Andy Stone: A Stone’s Throw |

Andy Stone: A Stone’s Throw

Andy Stone
The Aspen Times
Aspen, CO, Colorado

Aspen’s farmers’ market – which has been in the news this week – has some serious problems.

No, not an aphid infestation. And not the pesky apostrophe issue: Is it farmer’s market (commonly seen, but grammatically declaring there’s just one farmer involved)? Farmers’ market (grammatically correct, assuming there’s more than one farmer)? Or farmers market (widely popular, even though grammatically that would be a place where one buys and sells farmers)?

Meanwhile, veering from grammar, the problems with Aspen’s market are highlighted by the fact that it is no longer called the Aspen farmers’ market (regardless of apostrophes); it is now the Aspen Saturday Market – an intentionally vague term, which reflects what I (cranky old fart that I am) consider the disastrous degeneration of a once damn fine affair.

The name change was necessitated when the market became flooded with vendors who were clearly not farmers by any stretch of the imagination.

The actual purveyors of produce are now outnumbered roughly four to one by vendors who would come under the heading of “Other.”

I understand, of course, the need to be fair to all those who would vend their wares. And I understand the need to support our local artists and artisans. But still I was dismayed as the actual farm-grown produce disappeared in a sea of tchotchkes, trinkets, baubles, bangles, assorted junk and – yes, yes! – of course, some genuine art and artisanal products of great intrinsic and artistic value. (Anyone planning an outraged objection, please be assured that you – of course – are among the artists and artisans in those last two categories.)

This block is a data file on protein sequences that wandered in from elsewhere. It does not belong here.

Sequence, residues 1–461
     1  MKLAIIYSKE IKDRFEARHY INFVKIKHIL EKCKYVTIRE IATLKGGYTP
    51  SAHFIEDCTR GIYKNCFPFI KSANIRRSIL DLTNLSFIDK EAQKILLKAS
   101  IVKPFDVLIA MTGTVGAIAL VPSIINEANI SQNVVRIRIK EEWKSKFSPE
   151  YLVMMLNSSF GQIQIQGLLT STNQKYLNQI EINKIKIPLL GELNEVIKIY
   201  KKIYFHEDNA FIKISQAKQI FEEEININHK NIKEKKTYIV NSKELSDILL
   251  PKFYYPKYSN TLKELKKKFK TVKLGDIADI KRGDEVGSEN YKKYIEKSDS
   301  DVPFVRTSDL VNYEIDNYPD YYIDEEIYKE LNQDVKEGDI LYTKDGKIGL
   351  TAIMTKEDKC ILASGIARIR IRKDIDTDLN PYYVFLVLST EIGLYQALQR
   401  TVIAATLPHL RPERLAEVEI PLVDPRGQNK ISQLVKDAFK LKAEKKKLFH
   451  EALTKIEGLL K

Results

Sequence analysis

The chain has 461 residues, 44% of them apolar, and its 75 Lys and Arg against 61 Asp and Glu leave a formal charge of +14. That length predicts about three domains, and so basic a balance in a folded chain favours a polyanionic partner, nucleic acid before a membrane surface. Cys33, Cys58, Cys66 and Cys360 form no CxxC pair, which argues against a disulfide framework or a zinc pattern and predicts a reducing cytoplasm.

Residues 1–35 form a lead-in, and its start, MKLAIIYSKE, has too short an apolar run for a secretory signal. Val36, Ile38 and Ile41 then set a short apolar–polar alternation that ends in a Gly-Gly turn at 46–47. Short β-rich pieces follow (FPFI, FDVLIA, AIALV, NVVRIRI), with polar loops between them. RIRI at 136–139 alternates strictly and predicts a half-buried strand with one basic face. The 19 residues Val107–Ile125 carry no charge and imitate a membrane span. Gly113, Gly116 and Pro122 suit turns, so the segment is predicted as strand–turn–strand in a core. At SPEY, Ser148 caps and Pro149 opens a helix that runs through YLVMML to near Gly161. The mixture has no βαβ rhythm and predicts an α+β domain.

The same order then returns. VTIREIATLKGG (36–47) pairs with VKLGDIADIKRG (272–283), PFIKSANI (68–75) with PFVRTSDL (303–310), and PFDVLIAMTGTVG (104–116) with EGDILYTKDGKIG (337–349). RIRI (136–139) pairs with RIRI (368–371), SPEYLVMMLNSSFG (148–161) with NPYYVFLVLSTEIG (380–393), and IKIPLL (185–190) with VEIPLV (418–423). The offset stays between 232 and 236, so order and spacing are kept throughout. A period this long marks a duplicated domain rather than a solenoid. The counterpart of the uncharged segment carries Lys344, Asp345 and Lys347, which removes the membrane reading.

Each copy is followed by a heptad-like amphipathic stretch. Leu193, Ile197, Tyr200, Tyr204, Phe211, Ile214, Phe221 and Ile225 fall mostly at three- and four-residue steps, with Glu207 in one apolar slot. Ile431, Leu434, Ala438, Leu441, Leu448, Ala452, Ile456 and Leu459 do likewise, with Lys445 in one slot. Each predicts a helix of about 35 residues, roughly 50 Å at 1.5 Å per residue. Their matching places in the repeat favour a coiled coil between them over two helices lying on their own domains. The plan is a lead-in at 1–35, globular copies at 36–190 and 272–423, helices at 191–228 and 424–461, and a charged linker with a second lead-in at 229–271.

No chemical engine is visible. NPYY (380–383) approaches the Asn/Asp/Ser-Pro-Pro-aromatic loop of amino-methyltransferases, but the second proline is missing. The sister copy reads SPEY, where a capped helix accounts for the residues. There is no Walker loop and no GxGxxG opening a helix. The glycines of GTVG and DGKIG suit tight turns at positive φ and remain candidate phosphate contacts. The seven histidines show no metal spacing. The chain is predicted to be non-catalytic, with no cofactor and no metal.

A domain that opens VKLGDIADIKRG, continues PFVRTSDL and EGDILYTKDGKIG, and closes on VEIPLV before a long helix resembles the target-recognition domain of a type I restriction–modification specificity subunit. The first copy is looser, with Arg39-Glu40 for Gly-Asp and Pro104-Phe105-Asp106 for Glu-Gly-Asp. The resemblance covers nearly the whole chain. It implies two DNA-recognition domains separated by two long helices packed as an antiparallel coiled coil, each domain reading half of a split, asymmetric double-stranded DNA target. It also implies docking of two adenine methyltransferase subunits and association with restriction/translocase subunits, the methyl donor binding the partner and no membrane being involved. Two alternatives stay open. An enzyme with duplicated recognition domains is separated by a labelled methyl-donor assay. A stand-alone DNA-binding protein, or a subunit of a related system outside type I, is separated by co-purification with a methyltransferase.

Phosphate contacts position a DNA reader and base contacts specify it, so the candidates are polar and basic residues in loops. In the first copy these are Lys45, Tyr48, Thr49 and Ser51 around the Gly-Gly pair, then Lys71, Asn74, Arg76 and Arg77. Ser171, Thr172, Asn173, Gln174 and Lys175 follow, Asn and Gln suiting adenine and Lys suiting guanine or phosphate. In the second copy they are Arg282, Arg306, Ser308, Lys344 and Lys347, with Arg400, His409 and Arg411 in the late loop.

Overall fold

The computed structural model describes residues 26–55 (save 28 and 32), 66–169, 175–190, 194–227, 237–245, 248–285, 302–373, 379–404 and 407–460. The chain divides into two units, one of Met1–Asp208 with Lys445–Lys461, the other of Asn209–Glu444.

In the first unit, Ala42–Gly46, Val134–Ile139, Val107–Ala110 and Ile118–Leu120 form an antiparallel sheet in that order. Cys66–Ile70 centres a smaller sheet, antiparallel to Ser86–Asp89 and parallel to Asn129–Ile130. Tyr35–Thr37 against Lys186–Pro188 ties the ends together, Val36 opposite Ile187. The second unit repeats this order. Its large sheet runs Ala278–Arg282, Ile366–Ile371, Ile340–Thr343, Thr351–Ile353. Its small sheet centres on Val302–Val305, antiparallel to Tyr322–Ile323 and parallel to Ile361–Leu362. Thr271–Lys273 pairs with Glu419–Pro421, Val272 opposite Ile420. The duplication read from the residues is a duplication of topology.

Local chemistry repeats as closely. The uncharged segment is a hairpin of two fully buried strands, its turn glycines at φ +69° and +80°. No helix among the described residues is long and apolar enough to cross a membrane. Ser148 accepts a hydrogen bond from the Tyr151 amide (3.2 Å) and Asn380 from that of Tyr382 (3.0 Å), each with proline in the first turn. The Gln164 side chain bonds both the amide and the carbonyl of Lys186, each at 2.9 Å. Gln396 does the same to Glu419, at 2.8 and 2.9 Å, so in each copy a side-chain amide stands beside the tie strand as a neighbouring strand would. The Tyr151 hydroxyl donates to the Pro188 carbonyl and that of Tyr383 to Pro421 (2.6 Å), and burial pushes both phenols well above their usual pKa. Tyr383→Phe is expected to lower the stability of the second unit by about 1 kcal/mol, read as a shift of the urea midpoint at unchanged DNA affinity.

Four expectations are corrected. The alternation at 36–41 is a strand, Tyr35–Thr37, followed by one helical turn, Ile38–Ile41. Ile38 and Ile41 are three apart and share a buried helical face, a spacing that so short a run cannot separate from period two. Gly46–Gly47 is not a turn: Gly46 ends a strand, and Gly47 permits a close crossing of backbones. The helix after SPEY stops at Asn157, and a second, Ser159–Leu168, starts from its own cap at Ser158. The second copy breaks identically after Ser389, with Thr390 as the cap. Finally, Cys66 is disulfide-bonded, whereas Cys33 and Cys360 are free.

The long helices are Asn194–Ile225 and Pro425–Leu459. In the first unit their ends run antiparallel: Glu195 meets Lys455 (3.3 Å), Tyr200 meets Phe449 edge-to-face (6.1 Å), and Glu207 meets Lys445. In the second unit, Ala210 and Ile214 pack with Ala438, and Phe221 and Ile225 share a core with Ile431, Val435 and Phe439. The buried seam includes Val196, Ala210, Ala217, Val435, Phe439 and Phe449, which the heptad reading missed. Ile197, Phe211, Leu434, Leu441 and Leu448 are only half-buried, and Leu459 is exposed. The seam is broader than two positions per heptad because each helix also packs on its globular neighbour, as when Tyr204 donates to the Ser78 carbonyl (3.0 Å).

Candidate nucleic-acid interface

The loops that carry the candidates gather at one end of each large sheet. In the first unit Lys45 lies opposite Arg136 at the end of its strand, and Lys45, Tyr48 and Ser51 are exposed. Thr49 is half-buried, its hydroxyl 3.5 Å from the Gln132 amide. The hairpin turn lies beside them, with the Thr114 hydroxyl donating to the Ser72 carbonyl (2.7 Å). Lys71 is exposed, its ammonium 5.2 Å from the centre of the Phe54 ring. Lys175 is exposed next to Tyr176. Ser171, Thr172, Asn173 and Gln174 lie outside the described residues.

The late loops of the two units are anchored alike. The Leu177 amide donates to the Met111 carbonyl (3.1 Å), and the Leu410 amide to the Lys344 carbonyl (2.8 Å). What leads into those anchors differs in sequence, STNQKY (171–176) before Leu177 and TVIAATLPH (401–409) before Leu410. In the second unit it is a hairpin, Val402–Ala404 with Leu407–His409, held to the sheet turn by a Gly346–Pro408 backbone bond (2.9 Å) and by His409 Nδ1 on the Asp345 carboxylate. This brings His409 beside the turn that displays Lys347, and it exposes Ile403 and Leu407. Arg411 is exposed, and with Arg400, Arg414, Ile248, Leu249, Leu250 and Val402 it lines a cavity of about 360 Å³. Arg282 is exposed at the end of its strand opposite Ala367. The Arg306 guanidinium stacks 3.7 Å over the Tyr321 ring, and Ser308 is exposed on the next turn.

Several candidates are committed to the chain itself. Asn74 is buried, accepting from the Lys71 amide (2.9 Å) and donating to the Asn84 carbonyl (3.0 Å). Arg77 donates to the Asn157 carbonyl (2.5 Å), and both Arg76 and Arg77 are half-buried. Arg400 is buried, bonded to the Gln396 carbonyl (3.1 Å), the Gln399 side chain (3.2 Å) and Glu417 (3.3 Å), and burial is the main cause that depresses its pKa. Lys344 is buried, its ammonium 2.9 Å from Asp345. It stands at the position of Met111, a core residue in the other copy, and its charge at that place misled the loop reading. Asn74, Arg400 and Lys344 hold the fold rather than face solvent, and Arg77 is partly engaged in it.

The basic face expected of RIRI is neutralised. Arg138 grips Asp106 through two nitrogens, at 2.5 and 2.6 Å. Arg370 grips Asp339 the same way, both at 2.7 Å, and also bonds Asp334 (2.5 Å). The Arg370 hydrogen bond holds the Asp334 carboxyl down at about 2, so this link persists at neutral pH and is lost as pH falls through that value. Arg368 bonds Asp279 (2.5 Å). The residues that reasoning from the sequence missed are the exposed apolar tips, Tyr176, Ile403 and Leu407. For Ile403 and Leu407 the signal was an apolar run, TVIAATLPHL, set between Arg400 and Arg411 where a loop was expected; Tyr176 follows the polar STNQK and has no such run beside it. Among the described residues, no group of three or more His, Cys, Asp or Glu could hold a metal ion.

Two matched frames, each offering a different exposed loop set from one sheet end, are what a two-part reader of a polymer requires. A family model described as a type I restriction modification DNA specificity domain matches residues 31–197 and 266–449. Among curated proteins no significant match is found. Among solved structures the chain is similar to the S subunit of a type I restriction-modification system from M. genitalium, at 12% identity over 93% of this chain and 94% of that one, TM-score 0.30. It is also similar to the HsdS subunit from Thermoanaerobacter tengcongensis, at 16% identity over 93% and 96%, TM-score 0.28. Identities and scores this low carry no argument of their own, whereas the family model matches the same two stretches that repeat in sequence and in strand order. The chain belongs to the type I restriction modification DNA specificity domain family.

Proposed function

Personally, I almost always need fresh produce. I almost never need a new hand-beaded, salvaged-scrap-metal jockstrap. Trust me on this one. (Those beads pinch. No further details will be offered.)

Look, I understand that art and artistry are hard ways to make a living. But that doesn’t mean that my quest for fresh Palisade peaches and Paonia parsnips has to be turned into an endless odyssey through piles of pottery, acres of earrings, muddles of macrame and billions of beads.

OK – I know I’m not being fair at all. And I suppose my nasty, cranky objections could be solved easily enough (says me) by some simple segregation. Keep a block or two for the real farmers – you know, people selling products that are raised from the dirt (and, no, that does not include products made from reclaimed metal dug out of the dirt of abandoned junkyards) – and then have a separate area for arts and crafts.

That way, everybody gets a chance to buy what they want (or, more to the apparent point, sell what they have) and skip the rest.

But, according to the recent newspaper stories, the problems go deeper than that. There seems to be some dispute over who should or should not get one of the valued spaces in the market.